witness. There's Ramon -- aka Speedy -- who came so close to suicide that
the priest and I had to keep him on the phone while calling the cops on a
second line to forcibly intervene. Now he's working for a company in San
Francisco and is planning a big church wedding in June. And there's Alex,
known as Flea, who went crazy three years ago after his non-gang member
brother was mistakenly murdered in his place. Today he's helping other
young guys like himself move away from the gangs toward a hopeful future.
And Timothy -- Tiny -- who, when I met him, told me he was "dead already,"
but now is married and working for Sony Studios while shooting his own
documentary on weekends.

I could name at least a dozen other young men, all originally
considerably more at risk than my son, all of whom, at least for the
present, have roused themselves out of the emotional quicksand that
fatherlessness predicts. While I realize that today's good achievements are
no guarantee of tomorrow's well-being, either for the homeboys or for Will,
I'm gradually coming to regard these stories as countersigns.

My son is now in sixth grade and attends a public school for highly gifted
children. He's a wonderful kid in whom I see new sprigs of maturity sprouting so fast it takes my breath away. I'm still parenting him alone, a process that's a constant roller coaster of challenges. Some weeks I feel brilliantly up to the task. Other weeks, I'm convinced any fool in the world could do a better job than I seem to be able to manage.

Just the other day, the subject of bullying came up anew. "At
our school," Will told me, "the eighth graders try to beat up the seventh graders,
and the seventh graders try to beat up on us." Oh, God! I thought. Here we go

"But I know how to keep people from messing with me," Will continued.

"You do?" I asked.

"I've learned how to have this look. It's like, 'I'm really crazy so
don't try anything or I'll mess you up.'"

We were in the car at the time -- a frequent venue for our mother-son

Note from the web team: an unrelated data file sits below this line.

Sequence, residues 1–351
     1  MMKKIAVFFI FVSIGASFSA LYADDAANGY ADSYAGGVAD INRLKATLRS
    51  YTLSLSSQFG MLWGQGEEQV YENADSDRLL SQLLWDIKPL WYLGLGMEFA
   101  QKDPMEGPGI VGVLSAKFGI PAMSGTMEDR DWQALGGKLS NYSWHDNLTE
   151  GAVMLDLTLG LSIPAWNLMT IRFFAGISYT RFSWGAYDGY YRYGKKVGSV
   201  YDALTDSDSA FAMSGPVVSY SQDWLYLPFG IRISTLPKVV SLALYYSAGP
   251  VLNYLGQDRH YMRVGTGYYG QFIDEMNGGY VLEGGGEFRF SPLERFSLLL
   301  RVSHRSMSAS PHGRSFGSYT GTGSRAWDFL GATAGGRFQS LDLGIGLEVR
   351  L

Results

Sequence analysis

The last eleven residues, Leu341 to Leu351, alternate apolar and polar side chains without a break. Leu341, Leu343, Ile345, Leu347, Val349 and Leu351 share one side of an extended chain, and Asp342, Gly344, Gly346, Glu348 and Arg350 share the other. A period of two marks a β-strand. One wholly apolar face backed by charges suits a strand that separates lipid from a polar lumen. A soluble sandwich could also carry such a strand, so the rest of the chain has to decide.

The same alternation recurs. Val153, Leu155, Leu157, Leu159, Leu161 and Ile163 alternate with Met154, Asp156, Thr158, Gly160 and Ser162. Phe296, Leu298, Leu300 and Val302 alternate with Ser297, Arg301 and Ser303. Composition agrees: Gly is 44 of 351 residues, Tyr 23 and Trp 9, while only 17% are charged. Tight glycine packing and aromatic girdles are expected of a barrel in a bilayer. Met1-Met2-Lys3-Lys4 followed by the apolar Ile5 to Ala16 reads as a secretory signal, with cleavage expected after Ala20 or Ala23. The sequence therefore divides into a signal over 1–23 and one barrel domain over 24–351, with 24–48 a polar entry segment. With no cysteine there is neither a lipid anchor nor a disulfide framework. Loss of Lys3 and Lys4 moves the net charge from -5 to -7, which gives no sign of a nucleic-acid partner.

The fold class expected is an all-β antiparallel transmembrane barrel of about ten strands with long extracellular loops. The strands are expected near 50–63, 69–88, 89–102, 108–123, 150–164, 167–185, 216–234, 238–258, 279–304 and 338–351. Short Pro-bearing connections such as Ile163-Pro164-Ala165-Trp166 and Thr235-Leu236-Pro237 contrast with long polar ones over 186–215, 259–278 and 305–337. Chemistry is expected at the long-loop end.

conversations -- so he was able to demonstrate the technique by narrowing
his eyes slightly and staring hard at the motorist next to us (who remained
oblivious). Will's mad-dog glare was a junior version of the challenging
gaze I'd seen a hundred different homeboys use. On his young face, it
looked somewhat silly and ill-fitting. And yet, there were also glimmers of
calm and focus behind the look that suggested a self-possession I'd never
seen before -- still unformed, latent, but present nonetheless.

"Oh," I said, carefully. "That sounds like a ... smart strategy. I think
laser stares are good tools to have." The self-possession vanished and Will
glanced at me sharply to check my face for irony. Finding none, he looked
away, his pleased expression ducking quickly behind his recently acquired
veneer of sixth-grade cool.

We didn't talk about it again. But that evening he gave me an extra hug
out of nowhere, and solicited my company more than usual as he finished his
homework, pausing every few minutes to tell yet another dumb joke to keep
us both amused.

OK, here's what I know: My son will never be able to sit down with the
male whose face his own most resembles and talk about first dates, first
fights, first cars, first any and everything. And he may never get to
observe, under his own roof, what grown-up, day-to-day intimacy between a
man and a woman really looks like, with both its raggedy edges and its
joy. Yet, no life is without stupendous holes. We grieve for those we can't
fill, and fill in those we can.

So, if there is no father to bequeath to my son the cloak of manhood,
maybe the needed influence can be quilted together piece by piece. One
quilt square from his uncle, who talks computers with him, another square
from Sean, the neighbor who takes him surfing, another square from his dad,
whose way with animals he has inherited, another from his late grandpa, his
friends' fathers ... and so on. Plus a square or two from Grumpy and Crazy

And maybe some of the quilt pieces are fashioned, not just from males,
but from women -- mothers even -- in whose eyes our fatherless boys can see
reflected glimpses of the men we know they can become.

Celeste Fremon

Celeste Fremon is an award-winning journalist and the author of "Father Greg & the Homeboys" (Hyperion). Her piece "Boys Without Men" will appear in "Mothers Who Think: Tales of Real-Life Parenthood," edited by Camille Peri and Kate Moses, which is forthcoming from Villard Books in May.